ONLINE KNOWHOW How to Use Pictures Online

Why do you need to know how to use pictures online? Julie Sullivan explains the reasons and shows you how.

The most obvious reason for having pictures in an online post is that it makes people look. Everyone loves pictures. 

As an author or illustrator, you’ve probably been told you should have an online presence. This is where pictures come in.

Is your blog one long block of text? Is your Twitter feed a lot of hello-ing to your friends? Nothing wrong with that, but if you add a picture to that tweet, your chances of being retweeted go up 35%. There are cynical publishers out there who are far more inclined to publish someone with thousands of followers than someone whose profile picture is the default (don't do that). On Facebook you’ll get more attention if you accompany your posts with a picture. And articles with pictures get 94% more views than without.

Make Sure They're Legal!

This is the most important thing to know about images online.

You might not think this is a concern. You got that picture from Google, it doesn’t say 'copyright' on it, and no one’s ever bothered you about it. Maybe other people have used it too. However, a picture doesn’t have to say 'copyright' on it to be copyrighted. Almost every picture you see online–even on Facebook, Twitter, Instagram, Pinterest, and Snapchat– that is not specifically marked as Creative Commons or free for reuse is legally copyrighted. 

Is this photo free for you to use? Actually, it is; I took it while stuck in traffic near Big Ben, and I don't care. But always check!

This also means that if you created an image–a drawing, painting or photograph–you automatically own the copyright. 

Fair Dealing (Fair Use in the USA) 

In the UK you are allowed to use other people's photos for research and private study; this is considered 'fair dealing'. You can also generally use them for criticism and review, for example posting a book cover in a book review(Caveat: None of the advice in this article is from a lawyer, so inform yourself if you have concerns.)

While it might be unlikely for you to be sued, there is new technology that crawls the web for pictures and it is easier than ever before for the original creator of your image to find you. It is unpleasant, and it could be very expensive, to be accused of stealing someone else’s images.  It’s also no excuse in the eyes of the law to say you didn’t choose the pictures yourself, your web designer did. In a worst-case scenario, your site could be taken down. Stay safe: use permissible pictures.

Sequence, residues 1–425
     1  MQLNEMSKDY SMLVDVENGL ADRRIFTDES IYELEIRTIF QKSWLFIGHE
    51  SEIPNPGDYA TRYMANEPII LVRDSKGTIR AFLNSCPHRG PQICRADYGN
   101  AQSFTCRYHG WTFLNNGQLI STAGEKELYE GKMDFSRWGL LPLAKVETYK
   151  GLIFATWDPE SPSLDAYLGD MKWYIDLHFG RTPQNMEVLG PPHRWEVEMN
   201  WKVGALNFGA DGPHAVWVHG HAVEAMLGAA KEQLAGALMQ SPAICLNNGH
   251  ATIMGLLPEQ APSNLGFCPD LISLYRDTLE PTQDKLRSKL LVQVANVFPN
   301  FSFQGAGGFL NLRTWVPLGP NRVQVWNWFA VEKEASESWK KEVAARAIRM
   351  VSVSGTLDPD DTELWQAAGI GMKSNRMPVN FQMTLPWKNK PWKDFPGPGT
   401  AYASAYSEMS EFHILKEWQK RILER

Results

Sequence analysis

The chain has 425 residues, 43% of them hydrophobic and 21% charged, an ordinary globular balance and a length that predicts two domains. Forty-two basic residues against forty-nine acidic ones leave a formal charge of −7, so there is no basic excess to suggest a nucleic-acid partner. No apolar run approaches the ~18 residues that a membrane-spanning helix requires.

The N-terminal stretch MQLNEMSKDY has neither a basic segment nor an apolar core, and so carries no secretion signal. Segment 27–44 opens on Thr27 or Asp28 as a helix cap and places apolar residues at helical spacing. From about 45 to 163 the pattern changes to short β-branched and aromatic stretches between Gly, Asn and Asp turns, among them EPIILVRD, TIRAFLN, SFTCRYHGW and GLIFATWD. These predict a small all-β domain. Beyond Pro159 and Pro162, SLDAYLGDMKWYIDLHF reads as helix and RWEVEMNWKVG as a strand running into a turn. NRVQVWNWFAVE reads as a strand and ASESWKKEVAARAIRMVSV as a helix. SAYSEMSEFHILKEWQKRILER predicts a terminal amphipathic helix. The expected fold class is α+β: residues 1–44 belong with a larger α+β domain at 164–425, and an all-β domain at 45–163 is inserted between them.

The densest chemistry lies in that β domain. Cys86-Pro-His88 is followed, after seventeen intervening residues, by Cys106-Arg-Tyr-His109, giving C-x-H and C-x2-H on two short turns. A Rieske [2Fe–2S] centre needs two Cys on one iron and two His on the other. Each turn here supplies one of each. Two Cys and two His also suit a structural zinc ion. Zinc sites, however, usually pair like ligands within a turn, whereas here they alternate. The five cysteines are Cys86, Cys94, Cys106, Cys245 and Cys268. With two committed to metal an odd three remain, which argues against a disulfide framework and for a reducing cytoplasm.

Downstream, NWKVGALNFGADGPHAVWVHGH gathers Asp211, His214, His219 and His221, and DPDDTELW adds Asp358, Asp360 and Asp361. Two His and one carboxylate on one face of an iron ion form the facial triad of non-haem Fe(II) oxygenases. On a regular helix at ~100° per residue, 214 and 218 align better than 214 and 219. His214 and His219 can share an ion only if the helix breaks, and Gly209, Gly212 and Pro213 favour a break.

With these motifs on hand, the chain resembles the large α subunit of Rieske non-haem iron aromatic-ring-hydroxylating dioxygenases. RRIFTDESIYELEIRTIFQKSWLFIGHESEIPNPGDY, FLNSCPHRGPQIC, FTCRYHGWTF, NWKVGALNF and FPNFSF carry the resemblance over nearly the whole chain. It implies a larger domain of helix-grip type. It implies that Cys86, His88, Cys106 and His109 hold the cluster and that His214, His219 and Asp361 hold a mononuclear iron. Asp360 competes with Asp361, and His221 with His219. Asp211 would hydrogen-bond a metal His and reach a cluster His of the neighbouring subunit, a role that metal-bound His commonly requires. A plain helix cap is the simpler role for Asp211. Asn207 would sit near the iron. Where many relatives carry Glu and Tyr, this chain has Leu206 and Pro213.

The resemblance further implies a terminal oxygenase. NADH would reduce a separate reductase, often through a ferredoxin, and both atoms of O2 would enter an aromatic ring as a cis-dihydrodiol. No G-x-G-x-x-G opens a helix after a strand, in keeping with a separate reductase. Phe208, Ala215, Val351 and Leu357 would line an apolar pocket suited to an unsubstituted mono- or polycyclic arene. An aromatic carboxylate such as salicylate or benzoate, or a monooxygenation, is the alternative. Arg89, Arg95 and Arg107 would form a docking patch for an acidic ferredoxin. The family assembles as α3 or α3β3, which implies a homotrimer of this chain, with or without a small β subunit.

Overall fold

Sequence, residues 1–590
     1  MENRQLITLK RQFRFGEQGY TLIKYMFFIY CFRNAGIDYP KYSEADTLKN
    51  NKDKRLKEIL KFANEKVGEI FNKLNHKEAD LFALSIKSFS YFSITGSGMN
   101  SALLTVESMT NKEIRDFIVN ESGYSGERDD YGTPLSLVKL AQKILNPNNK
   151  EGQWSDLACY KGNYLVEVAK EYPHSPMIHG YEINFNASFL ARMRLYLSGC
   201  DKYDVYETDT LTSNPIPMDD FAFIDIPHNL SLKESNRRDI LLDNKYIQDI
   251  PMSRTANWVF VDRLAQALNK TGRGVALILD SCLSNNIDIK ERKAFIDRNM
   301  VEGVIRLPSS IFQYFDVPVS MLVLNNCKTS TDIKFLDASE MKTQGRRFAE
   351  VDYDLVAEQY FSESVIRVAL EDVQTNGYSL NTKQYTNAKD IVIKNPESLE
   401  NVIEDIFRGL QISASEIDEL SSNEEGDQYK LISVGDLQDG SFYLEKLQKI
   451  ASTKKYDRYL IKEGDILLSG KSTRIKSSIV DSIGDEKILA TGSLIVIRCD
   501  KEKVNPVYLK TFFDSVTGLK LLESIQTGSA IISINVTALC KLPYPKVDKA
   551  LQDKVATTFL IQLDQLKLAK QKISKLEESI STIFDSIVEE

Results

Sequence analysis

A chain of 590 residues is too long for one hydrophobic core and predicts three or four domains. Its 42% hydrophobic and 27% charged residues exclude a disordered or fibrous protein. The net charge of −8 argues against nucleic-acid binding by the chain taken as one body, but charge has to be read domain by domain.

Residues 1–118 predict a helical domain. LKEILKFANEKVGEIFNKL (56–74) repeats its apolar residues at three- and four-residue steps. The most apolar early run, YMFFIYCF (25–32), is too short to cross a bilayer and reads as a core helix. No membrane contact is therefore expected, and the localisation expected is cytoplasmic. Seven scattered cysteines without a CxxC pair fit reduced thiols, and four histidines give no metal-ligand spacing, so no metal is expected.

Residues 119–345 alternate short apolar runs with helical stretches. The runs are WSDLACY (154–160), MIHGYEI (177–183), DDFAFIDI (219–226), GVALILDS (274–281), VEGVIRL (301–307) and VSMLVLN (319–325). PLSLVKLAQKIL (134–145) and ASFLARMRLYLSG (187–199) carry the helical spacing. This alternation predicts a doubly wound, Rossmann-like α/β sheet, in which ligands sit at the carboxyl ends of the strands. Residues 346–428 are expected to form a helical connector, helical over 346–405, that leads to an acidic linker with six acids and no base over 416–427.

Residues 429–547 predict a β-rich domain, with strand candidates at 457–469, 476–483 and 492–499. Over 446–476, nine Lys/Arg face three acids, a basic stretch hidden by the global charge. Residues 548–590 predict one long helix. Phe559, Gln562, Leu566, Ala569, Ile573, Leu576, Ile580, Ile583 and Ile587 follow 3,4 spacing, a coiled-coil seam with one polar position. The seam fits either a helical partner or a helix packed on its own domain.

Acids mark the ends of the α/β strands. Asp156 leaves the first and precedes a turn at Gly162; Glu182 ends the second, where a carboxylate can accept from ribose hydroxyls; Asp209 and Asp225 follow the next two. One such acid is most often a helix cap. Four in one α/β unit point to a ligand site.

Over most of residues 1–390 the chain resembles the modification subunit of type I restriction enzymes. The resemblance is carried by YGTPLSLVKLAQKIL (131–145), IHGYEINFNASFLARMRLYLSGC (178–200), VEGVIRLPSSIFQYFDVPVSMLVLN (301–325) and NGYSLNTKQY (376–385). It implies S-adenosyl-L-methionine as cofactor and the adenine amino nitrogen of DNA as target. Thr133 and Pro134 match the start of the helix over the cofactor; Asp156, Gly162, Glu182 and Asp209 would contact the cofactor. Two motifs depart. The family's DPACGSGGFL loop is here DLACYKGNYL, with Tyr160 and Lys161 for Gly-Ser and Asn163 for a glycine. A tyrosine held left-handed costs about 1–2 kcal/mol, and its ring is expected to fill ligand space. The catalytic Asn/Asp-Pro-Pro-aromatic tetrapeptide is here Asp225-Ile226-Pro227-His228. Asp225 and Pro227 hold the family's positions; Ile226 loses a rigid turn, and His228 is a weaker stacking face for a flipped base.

Where do you find images to use online? 

Obviously, if you created the image yourself, and you weren’t working for hire at the time, you have the right to it. However, if other people are in your photograph, the law in the U.K. is not completely clear on that. Best if possible to ask them first, even if these are your friends at your book launch. 

Luckily, there are many, many places to find public-domain images. There is a list of some good ones at the end of this article.  Google itself allows you to search for images by usage rights. You can find them on Google this way: go to Image search, then Tools. A bar underneath will appear, and you will see Usage rights. Click on that and a dropdown menu appears with five choices. The top one is to see all images, including the copyright ones. The other choices help you find images whose owners have allowed them to be used. You may be surprised to see that most of the images disappear when you do. That means the creators of those images do not want you to use them.

unfiltered search results
A search for 'red riding hood' on Google Image Search.

The dropdown menu under Usage rights on Google Image Search

search results filtered by usage rights
The same search, but searching only Usage rights 'Labeled for reuse'. The selection of images is almost completely different.
Many more people allow the pictures they create to be used for noncommercial purposes than for commercial. This means that if you used someone's picture on your writer's blog years ago, before you were published, but now you are selling your books or services on the blog, you need to ask permission, unless you already have commercial rights too. 

Best practices for photos on your blog or website

Remember that most people read on their mobiles. Make sure your photo or illustration is visible on the first screen, like 'above the fold' in a newspaper, so that readers don’t have to scroll down. This will make your site more attractive. Add a caption to photos. The statistics on how many people don’t even read the text are astonishing.